An analysis of figures 5–9 indicates that the precision of analyses measured by variation coefficient is different for particular particle size fractions for classification products. The

Fig. 5. Variation of mean values of variation coefficients of individual particle fractions shares in analyzed material overflows

Rys. 5. Zmiennoœæ wartoœci wspó³czynników zmiennoœci udzia³ów poszczególnych klas ziarnowych w analizowanych przelewach

Fig. 6. Variation of mean values of variation coefficients of individual particle fractions shares in analyzed material feeds

Rys. 6. Zmiennoœæ wartoœci wspó³czynników zmiennoœci udzia³ów poszczególnych klas ziarnowych w analizowanych nadawach

highest values of these coefficients were obtained for feeds and outflows and the lowest for overflows. The range of granulation of overflows in comparison with outflows was much narrower, proving that the particle size analyses for overflows were the most precise.

Fig. 7. Variation of mean values of variation coefficients of individual particle fractions shares in analyzed material underflows

Rys. 7. Zmiennoœæ wartoœci wspó³czynników zmiennoœci udzia³ów poszczególnych klas ziarnowych w analizowanych wylewach

Fig. 8. Variation of mean values of variation coefficients of individual particle fractions shares in analyzed material overflows

Rys. 8. Zmiennoœæ wartoœci wspó³czynników zmiennoœci udzia³ów poszczególnych klas ziarnowych w przelewach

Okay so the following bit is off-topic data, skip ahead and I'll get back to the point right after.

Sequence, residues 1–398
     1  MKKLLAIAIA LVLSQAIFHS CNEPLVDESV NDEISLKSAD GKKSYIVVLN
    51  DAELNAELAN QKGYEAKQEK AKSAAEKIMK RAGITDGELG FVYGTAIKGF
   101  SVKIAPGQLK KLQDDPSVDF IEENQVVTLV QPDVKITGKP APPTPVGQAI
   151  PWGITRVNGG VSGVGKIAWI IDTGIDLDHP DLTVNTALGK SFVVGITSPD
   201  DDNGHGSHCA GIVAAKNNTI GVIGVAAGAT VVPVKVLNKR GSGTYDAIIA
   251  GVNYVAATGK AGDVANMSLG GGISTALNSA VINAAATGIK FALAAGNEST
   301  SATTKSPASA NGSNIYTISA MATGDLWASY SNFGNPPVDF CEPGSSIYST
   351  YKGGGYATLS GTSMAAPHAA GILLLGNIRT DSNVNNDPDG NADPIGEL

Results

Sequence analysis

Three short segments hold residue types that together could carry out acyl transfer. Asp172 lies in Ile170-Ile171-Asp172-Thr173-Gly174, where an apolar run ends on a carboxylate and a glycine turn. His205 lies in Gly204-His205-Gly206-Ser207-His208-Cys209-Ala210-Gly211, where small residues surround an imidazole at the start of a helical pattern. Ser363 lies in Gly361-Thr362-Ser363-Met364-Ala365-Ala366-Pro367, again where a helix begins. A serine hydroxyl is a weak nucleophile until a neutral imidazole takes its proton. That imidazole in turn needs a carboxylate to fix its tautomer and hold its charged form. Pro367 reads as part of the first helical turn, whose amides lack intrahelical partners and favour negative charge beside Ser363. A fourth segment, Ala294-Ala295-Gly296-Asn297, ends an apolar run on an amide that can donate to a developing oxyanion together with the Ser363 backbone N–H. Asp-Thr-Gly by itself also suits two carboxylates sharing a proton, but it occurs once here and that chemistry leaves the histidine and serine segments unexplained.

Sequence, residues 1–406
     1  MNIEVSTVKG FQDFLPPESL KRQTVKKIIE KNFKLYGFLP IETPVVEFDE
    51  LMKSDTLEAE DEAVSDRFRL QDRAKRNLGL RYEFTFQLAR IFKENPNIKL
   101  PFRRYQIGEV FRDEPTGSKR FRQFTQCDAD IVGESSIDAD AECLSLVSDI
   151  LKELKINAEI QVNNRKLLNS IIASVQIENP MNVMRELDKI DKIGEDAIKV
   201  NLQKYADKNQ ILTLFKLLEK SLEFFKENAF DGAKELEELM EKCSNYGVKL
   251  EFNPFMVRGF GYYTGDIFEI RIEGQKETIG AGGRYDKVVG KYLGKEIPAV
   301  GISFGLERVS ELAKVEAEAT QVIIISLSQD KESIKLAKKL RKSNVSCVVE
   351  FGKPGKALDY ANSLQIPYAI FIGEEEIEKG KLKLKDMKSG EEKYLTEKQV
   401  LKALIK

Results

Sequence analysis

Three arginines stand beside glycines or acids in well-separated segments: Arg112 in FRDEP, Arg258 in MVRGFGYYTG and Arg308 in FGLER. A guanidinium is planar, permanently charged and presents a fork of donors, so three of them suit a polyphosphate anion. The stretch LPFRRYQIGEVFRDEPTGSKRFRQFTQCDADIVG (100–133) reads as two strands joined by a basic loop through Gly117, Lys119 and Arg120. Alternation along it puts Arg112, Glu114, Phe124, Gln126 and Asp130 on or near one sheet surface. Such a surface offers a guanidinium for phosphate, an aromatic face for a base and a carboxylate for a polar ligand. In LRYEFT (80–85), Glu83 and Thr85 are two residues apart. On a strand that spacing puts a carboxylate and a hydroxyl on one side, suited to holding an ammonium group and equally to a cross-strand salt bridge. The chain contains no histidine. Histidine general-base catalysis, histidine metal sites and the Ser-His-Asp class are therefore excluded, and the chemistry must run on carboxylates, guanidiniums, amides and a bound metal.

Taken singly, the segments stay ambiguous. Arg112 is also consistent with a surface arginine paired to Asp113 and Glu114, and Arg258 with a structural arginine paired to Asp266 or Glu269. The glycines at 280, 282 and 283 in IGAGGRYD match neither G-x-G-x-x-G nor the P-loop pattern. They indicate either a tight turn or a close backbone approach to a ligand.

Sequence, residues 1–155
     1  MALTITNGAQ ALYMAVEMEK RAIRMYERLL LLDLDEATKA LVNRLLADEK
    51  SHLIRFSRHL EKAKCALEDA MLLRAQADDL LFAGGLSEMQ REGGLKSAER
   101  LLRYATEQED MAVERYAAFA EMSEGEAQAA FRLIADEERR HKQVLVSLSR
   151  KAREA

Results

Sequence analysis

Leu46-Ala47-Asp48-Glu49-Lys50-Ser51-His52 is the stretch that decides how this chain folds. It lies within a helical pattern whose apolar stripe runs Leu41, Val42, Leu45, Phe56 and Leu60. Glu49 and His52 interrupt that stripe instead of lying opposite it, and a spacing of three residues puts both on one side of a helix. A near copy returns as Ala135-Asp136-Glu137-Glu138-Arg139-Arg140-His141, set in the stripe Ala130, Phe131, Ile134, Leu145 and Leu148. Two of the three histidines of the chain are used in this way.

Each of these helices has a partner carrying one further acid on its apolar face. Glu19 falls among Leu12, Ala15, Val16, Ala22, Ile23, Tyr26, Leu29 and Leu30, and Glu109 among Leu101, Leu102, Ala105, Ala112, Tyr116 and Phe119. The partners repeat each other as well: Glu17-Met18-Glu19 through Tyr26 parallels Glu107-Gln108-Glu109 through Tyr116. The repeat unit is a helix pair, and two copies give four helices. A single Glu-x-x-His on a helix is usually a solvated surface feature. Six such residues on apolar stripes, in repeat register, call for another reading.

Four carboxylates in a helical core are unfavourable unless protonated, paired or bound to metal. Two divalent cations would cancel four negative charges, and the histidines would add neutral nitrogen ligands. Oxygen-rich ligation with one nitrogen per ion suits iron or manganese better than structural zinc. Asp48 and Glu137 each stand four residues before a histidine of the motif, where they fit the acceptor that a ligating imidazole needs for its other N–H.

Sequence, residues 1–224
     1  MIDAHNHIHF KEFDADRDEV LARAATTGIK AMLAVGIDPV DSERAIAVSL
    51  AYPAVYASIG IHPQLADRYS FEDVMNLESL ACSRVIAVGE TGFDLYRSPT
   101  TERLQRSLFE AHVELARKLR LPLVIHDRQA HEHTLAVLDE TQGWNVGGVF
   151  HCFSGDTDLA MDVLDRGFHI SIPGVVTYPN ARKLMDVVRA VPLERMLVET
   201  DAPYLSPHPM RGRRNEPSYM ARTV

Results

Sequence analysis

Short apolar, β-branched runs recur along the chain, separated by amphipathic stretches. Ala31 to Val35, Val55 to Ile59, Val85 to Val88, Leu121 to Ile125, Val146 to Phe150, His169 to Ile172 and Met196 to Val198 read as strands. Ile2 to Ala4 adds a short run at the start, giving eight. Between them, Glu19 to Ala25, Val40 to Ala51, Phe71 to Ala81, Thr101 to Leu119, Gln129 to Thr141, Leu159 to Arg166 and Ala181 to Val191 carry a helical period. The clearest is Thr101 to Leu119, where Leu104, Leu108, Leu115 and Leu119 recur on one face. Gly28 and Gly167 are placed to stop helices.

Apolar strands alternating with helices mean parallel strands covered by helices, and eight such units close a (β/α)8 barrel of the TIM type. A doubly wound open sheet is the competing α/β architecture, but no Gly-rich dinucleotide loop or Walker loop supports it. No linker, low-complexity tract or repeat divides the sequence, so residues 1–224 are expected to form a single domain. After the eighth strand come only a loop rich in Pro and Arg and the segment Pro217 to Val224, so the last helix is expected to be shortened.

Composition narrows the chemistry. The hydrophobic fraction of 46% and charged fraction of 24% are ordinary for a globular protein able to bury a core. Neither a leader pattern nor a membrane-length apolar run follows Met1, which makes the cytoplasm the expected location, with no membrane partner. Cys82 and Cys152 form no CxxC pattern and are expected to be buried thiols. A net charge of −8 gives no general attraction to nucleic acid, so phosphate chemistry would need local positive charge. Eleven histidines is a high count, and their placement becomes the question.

This is directly connected with the measurement method (light diffraction) used in the laser analysis. The diffractograms produced during analysis originated from the measured particles’ mutual overlap, making the analysis harder (De Boer et al. 1987; Instrukcja… 1994; Peszko, Niedoba 2006; Syvitski, ed. 1991). The most deranging the measurement (meaning unclear, please revise) are diffractograms originating from the biggest particles. The extremely large particles influence strongly the precision of the finest particles’ me-asurement, and the fine particles cause the opposite effect without resulting in significant errors in measuring the larger particles.

The differences in particle size analyses’ adequacy of overflows, outflows, and feeds were most visible for materials of varying particle density. The cause of such a situation could be the wider range of their granulation (0–600 mm) in comparison to materials of a different shape coefficient (0–300 mm) connected also with greater errors during the sampling process.

The variation coefficients for particle fractions ranging from extremely fine particles
to extremely thick are quite high, obviously connected with the randomness of